Femvertising

Femvertising

Ahead of joining the panel at The Drum Network event ‘What Women Want: beyond feminism in advertising’ our Managing Director Debra shares her thoughts on the topic.

Femvertising: Even The Term Makes Me Cringe

The world of marketing can change the world surely? For we are about communications and at their best communications can influence, educate and change behaviours. The furore around what is currently known as ‘Femvertising’ would have us believe that advertising campaigns (advertising in its broadest sense) have helped empower and liberate women. That we all now know that it’s okay, we are all really beautiful, we can all be strong, we’re all powerful and capable of achieving anything.

We also all know that ‘Femvertising’ is all about selling us something. And we kind of graciously allow that- if it’s done right. Because let’s face it we consumers (that means all of us, men, women, children, gender neutral) have a 360 degree moral compass in operation on every brand we partake in. As well as every other brand on our radar. So, when brands enter into a new moral high ground they damn well have to earn it.

When Dove first launched their ‘Real Beauty’ campaign they did something very simple and very powerful. They showed us us. And they were so clever and right to do so. Marketing needs to become more inclusive. We’re never going to stop young people having complex and life threatening body issues if we keep parading skinny as the only version of beauty really allowed. But that goes for all genders, sexuality, races, religions, disabilities and cultures. We need to celebrate diversity. Because we are.

However as we move forwards marketing is under more stringent scrutiny. Yes, Dove did good back in the day. And we all wiped a tear at the Women describing Women iteration. And it’s so hard to criticise Dove because they opened the debate, paved the way for a less rigid classification of beauty. But this is dangerous territory that is incredibly tough to navigate. Dove got it so wrong when they launched their #ChooseBeautiful campaign. Suddenly we were back to labels. Suddenly we could only choose between the beautiful or average doors. There was little else to us. In one ill-considered execution the brand got it hugely wrong.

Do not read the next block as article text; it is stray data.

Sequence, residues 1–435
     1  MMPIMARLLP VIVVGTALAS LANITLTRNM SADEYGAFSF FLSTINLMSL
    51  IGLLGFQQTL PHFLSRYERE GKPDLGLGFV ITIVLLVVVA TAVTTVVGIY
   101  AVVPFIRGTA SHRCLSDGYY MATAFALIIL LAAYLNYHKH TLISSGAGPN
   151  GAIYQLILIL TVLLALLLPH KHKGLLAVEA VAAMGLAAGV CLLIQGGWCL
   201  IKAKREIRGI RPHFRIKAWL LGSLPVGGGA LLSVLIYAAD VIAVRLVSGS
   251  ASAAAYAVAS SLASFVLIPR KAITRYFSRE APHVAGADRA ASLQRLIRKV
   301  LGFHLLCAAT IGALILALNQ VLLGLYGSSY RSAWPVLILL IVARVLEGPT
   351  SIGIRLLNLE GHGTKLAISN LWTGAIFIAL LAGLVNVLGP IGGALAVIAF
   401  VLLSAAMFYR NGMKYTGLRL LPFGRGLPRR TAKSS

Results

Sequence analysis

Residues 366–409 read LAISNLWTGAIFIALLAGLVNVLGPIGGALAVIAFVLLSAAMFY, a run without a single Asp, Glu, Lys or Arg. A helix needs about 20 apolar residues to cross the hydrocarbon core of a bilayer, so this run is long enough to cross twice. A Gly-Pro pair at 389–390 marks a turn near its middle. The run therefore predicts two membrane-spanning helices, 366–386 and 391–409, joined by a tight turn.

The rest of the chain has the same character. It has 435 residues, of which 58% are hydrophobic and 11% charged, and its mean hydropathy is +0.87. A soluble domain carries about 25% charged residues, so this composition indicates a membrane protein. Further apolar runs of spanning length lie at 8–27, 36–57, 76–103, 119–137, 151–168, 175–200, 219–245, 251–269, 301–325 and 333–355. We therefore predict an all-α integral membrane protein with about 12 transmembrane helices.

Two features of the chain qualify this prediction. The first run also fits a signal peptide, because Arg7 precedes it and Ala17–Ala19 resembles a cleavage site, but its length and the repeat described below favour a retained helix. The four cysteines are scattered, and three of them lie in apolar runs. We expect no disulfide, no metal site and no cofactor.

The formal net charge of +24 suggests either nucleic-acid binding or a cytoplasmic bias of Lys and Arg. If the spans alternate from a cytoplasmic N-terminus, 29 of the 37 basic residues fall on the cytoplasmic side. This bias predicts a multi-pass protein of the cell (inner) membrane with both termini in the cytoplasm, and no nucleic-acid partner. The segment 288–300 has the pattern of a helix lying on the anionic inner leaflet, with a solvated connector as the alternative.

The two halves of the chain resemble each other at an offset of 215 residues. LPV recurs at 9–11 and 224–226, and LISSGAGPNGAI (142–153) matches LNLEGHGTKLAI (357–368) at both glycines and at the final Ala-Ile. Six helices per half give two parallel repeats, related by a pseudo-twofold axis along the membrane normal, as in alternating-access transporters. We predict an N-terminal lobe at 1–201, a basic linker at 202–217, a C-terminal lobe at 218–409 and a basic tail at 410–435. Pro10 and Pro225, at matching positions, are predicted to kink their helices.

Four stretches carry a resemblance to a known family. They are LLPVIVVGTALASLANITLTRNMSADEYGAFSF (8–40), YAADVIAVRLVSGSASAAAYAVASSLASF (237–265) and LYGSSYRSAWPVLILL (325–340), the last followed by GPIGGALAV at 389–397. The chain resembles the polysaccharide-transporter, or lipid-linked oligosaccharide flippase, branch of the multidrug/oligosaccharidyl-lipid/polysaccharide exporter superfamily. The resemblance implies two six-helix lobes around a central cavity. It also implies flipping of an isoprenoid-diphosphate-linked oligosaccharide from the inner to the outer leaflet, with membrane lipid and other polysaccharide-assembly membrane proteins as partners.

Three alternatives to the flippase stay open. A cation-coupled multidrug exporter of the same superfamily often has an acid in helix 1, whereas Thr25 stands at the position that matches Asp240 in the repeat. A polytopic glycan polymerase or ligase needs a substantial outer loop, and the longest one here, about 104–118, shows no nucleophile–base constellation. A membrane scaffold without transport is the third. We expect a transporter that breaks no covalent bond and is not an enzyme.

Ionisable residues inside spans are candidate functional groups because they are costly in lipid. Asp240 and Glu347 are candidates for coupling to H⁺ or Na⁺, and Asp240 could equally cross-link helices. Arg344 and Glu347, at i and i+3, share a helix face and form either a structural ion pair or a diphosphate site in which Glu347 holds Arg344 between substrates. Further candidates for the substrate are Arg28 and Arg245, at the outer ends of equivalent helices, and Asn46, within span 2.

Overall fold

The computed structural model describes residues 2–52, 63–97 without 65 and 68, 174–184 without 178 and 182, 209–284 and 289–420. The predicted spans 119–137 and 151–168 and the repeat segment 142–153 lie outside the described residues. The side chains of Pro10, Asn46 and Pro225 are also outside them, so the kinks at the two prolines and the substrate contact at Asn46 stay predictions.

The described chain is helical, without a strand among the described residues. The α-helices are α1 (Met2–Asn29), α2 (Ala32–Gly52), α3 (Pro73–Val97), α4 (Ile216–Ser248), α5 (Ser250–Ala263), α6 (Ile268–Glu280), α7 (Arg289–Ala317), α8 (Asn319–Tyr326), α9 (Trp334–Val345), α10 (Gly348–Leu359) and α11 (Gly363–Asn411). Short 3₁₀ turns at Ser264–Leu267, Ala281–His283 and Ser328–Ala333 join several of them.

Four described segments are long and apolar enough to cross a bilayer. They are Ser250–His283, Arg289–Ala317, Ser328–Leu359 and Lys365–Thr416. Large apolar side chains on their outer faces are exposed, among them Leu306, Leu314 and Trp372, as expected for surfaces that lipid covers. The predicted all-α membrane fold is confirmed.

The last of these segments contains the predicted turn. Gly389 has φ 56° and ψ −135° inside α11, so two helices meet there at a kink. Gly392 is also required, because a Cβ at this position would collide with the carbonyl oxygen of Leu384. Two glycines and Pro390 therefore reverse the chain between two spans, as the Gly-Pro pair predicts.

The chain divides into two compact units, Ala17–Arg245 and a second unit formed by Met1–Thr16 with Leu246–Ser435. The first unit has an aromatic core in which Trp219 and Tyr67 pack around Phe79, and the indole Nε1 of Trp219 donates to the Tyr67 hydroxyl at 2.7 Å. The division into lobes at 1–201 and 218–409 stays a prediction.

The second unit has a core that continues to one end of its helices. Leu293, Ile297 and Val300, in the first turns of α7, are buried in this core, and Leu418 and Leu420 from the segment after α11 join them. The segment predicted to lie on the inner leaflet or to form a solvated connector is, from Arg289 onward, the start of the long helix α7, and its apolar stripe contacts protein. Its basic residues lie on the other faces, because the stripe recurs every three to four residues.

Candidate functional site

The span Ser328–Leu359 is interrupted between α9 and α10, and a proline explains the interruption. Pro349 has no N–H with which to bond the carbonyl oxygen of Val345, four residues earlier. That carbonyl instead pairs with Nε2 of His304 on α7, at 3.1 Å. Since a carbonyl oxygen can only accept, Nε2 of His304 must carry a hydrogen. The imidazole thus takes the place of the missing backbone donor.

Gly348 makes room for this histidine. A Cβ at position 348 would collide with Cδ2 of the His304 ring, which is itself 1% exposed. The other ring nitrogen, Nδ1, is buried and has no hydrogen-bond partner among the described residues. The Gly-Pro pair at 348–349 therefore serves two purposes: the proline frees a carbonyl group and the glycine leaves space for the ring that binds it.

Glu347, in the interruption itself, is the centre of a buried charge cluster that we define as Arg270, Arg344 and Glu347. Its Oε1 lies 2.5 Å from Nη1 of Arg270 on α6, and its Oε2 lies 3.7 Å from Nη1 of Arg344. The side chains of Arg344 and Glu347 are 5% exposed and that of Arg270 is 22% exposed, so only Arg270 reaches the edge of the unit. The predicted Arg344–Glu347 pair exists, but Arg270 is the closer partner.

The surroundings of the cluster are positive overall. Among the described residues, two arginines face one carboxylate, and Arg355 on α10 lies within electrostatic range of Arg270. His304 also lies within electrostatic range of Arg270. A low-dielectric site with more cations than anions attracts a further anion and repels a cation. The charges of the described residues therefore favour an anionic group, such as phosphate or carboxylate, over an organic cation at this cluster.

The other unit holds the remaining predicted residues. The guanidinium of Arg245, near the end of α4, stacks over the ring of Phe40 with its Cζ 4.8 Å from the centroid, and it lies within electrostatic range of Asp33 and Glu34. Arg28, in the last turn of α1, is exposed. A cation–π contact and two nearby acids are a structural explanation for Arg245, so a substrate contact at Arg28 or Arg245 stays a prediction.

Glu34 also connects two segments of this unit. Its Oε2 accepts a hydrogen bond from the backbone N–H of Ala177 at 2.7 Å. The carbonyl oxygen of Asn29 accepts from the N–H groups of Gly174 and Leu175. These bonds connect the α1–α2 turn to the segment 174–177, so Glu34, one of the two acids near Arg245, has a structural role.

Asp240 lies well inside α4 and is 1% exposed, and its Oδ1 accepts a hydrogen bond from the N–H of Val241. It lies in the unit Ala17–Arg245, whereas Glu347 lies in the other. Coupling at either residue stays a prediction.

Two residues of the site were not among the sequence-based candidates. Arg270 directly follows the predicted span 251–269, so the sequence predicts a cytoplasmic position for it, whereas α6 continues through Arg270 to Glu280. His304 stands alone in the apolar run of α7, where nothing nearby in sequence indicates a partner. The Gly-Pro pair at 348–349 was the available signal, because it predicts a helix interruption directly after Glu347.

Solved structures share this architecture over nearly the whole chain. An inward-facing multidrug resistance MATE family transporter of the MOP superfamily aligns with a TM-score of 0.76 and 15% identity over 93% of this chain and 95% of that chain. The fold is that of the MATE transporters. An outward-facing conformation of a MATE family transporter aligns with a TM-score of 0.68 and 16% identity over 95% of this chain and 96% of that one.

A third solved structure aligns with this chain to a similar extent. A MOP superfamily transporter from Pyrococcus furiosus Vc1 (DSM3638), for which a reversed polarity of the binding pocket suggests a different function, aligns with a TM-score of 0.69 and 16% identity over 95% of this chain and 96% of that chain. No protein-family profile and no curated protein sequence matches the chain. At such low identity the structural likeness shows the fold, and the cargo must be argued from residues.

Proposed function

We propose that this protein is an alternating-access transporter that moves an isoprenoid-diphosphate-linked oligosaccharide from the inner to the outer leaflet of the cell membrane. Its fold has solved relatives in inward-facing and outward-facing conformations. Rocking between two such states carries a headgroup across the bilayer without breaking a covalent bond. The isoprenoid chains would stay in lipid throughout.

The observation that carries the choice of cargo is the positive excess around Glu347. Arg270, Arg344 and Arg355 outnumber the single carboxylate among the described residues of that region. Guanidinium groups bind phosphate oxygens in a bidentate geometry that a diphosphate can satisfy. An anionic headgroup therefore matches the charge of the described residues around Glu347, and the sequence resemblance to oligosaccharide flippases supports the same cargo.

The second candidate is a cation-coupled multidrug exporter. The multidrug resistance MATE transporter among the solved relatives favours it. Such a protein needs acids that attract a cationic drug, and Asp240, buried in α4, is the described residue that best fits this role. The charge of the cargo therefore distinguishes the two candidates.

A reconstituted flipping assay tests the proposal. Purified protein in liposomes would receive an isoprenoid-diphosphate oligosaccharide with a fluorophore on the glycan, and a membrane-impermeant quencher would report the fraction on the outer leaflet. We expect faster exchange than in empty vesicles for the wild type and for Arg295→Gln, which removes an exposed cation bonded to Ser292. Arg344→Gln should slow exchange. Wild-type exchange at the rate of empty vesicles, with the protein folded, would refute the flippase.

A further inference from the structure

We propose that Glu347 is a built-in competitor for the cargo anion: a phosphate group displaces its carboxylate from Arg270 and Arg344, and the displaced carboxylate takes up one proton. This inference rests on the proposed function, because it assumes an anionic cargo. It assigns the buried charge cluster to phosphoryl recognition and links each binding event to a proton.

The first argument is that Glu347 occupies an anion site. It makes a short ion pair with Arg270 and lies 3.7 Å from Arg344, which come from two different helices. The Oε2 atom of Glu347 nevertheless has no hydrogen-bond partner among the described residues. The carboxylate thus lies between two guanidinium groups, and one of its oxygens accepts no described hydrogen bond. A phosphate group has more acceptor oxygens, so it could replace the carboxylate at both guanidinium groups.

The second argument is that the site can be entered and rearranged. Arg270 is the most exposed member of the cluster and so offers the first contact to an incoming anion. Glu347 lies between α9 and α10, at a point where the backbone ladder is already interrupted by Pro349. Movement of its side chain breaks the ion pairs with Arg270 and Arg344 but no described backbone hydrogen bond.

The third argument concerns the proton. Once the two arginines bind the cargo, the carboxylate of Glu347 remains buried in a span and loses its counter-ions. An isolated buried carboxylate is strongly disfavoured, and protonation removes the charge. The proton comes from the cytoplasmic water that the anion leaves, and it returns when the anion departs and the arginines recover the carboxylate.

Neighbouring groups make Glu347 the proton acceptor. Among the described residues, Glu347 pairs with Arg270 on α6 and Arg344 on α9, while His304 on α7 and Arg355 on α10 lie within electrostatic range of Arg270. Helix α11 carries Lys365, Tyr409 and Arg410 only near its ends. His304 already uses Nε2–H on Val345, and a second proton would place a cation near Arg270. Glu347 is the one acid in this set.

Back to our moral compass. We know stuff out here. We research stuff. We want to believe in the brands that share our lives. It doesn’t take too long to discover that Dove is owned by Unilever. Unilever are also owners of Lynx: remember (ladies) the legendary Lynx effect? Those ads with ’those’ impossibly stereotyped women were running at exactly the same time as we were being empowered to recognise our own beauty. Still, that’s all stopped now…but you can still find Dove Skin Whitening Deodorant for sale here and all around the world? Not shown on the Unilever website at all by the way but very visible with a simple search. Seriously? Accept you are beautiful but only if you go a few shades more Caucasian?

For me it all comes back to integrity and brand truth. Do not go out being all insightful and recognising a female insecurity and then back-fitting a brand into it. It’s untenable and as consumers get more up close and personal with brands it is quickly pulled apart and your brand is left, well, in the “If Only Everything In Life Was As Reliable As A Volkswagen” territory.

Today the best campaigns are still those that have a brand truth at the heart of them, those who enter this arena with the very best intentions to be responsible with their marketing. Not those that assume that 51% of the world’s population are sitting around waiting for a brand to empower them.

You can read the views of other panellists and find out more about the event here.

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